Not much is going on here. The Zappa book I am reading is Dangerous Kitchen: The Subversive World of Zappa by Kevin Courrier. I’m about 200 pages into it, and I like it sofar. I think in some sense it fails to be critical about Zappa’s shortcomings, but it does give a different perspective than Zappa’s first-person biography, which is the only other book I’ve read about him.
I’m not interested in reading about Zappa because I am the sort of person that has memorized every single song of his. Rather, I am interested in how he created this whole monster, the way he started making very confusing and confrontational music and brought it to a worldwide cult status of attention. I wish I could do the same, and it makes me jealous in a way because music and performance is such an easy to comprehend format for people. It has such a legitimate place in society, it is easy to distribute and easy to perform live, and it can be a very active performance or a more passive thing to enjoy. I feel the literature’s downfall is that in order to enjoy it, you have to sit there with a book in hand and get through 200 pages of it. The bar is so high for entrance to it, that it’s hard to get a large number of people interested. I wish I would’ve asked my parents for a guitar when I was ten, and then played it for hours every day. It makes me very confused and depressed about what I am doing, and what I should be doing, not to mention that I just put this book out and I thought it was the greatest thing I’d ever done and the only legitimate feedback that I got was that I should go back to writing stupid first-person stories or that I should find a psychiatrist and make them read the book so they could “cure” me.
Of course, the only answer is that Rumored is the right direction for me, because I don’t think there’s any legitimate value in me writing another book like Summer Rain or some kind of Cometbus ripoff stories like Air in the Paragraph Line. I think there are a lot of popular writers out there that are selling lots of books writing coming-of-age, punk-rock, brat-pack stuff, and there are a lot of writers doing the whole Oprah, politically correct thing. And I think my only tangible skill is to take what they do and destroy it, satirize it, blasphemize it, and take their bold statements on society and laugh at them. I feel more people, or at least some people, should see this and enjoy it as the opposite of these books that are easy to hate. Rock and roll was created because people didn’t want to listen to “Who’s that Doggy in the Window”. I don’t want to read Wally Lamb. I’m sure others don’t want to, either.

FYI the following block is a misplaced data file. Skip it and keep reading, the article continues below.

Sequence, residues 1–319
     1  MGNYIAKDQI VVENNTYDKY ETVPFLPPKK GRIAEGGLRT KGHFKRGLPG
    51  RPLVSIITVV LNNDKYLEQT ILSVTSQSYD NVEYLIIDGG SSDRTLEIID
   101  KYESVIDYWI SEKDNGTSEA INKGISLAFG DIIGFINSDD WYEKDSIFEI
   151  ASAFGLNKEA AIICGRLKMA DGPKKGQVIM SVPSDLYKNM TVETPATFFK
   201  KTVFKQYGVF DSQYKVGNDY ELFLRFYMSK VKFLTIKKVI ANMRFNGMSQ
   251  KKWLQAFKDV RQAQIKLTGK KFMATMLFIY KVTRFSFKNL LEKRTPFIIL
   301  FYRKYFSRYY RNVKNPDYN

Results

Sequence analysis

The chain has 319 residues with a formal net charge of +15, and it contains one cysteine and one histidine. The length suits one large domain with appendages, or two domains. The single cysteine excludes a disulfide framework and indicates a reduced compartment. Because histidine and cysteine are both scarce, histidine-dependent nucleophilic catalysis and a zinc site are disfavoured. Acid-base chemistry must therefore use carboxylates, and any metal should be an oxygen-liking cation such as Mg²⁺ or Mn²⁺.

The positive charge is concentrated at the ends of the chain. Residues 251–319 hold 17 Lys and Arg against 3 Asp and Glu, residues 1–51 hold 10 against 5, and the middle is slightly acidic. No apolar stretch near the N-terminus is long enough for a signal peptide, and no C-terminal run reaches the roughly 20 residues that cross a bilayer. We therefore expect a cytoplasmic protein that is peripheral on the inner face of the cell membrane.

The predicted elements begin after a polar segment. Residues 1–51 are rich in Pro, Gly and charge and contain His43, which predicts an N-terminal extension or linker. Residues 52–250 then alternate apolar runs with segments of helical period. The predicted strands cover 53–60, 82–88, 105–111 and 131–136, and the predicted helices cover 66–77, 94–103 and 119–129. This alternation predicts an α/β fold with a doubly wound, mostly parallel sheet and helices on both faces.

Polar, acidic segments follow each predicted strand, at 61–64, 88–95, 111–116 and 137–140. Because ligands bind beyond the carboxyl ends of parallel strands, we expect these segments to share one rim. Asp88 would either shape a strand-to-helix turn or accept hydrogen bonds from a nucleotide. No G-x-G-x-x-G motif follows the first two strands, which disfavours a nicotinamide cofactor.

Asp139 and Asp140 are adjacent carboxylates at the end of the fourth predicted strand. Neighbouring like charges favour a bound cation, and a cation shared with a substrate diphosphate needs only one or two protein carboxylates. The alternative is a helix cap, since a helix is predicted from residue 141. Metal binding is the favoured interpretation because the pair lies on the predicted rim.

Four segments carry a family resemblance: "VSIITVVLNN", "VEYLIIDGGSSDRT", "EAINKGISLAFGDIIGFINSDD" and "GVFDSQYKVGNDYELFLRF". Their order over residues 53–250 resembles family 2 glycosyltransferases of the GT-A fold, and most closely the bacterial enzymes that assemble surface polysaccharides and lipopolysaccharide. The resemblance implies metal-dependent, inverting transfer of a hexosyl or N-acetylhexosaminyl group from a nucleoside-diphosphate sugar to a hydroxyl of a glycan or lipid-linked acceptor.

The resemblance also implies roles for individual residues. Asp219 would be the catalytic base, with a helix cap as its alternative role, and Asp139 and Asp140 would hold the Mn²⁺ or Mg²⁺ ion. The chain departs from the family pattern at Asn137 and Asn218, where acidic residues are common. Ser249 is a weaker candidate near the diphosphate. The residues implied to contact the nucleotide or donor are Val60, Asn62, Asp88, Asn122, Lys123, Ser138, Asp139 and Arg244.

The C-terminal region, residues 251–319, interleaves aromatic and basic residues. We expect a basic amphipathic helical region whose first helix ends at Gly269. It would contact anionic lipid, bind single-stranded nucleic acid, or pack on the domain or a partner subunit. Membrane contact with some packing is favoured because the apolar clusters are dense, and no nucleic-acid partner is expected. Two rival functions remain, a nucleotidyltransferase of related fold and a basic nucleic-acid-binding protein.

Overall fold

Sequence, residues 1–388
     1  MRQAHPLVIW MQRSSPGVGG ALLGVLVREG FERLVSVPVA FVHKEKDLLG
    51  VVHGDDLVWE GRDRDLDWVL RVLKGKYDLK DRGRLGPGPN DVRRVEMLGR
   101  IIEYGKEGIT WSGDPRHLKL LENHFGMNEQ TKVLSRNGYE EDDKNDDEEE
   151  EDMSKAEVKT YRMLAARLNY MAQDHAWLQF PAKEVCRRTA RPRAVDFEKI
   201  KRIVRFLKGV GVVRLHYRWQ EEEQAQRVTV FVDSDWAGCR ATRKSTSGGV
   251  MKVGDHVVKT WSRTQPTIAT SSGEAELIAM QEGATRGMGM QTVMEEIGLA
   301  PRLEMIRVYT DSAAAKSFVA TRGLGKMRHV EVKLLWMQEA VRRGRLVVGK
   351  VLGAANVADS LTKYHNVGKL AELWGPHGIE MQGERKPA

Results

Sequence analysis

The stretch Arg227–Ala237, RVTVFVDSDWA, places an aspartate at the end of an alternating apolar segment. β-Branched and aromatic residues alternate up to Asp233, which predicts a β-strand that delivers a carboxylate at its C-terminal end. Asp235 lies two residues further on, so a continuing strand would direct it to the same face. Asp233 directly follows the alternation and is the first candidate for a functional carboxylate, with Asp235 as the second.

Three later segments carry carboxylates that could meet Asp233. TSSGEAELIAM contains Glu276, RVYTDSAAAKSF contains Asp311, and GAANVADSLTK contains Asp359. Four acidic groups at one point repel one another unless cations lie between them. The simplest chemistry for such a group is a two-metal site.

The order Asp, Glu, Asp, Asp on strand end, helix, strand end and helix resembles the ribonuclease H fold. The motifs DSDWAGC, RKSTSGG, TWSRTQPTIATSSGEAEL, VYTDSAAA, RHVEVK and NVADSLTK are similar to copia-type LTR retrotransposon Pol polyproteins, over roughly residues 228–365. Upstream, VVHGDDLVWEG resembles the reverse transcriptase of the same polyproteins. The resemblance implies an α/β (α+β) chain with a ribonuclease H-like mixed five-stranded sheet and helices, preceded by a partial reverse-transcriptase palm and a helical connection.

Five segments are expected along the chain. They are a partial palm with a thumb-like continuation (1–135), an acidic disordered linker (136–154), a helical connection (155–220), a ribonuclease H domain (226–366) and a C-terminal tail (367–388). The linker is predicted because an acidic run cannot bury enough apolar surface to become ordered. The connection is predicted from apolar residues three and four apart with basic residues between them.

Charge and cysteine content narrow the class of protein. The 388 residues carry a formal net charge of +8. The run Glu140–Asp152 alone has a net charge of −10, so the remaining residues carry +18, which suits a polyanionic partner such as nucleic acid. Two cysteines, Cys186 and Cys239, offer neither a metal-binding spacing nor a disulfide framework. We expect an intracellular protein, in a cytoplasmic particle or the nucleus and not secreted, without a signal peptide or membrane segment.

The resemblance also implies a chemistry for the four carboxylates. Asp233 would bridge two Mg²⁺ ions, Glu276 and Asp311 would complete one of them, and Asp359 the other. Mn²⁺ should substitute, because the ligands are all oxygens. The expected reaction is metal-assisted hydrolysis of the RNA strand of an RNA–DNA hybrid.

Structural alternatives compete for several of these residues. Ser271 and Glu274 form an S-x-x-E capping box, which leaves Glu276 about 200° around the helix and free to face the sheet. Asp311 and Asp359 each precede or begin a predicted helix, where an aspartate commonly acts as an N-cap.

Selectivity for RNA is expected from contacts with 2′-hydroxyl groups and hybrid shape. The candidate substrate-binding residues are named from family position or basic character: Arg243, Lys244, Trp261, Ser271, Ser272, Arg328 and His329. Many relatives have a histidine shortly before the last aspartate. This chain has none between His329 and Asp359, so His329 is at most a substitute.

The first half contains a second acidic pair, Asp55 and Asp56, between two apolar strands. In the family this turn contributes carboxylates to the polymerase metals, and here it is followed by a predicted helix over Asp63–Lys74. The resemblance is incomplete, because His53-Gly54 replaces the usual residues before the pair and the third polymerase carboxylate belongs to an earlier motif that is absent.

I guess a lot of Rumored was the beginning of an experiment to find my own form and technique that isn’t just a story about a boy and a story about a girl or whatever. The way I structured the book was an attempt at changing that, and it didn’t work as well as I wanted, so the next book will pick up on the flaws in structure and story. But it won’t change with regard to tone and content. It will still be obscene, and dark, and violent, and funny. (It may not have any puke jokes, since that pretty much threw everyone.) I don’t want to go down the road that Burroughs did with cutups and stuff. I am finding less and less value in Burroughs as I continue. (I now find almost no value in Kerouac, and I’ve always hated Ginsberg, both as a person and a writer.)
Anyway, I have an idea for a book, but I can’t talk about it. But I think it might work. I’m going to take notes on it all weekend. I think I might do NaNoWriMo again in November, and write a draft then, but I will continue working on it after them. I’ve come to realize that writing fast is not my forte, and it’s better that I take my time and nurture my thoughts a bit more, so I can come up with stronger writing.
I just ate Chinese food, and I’m ready for a nap.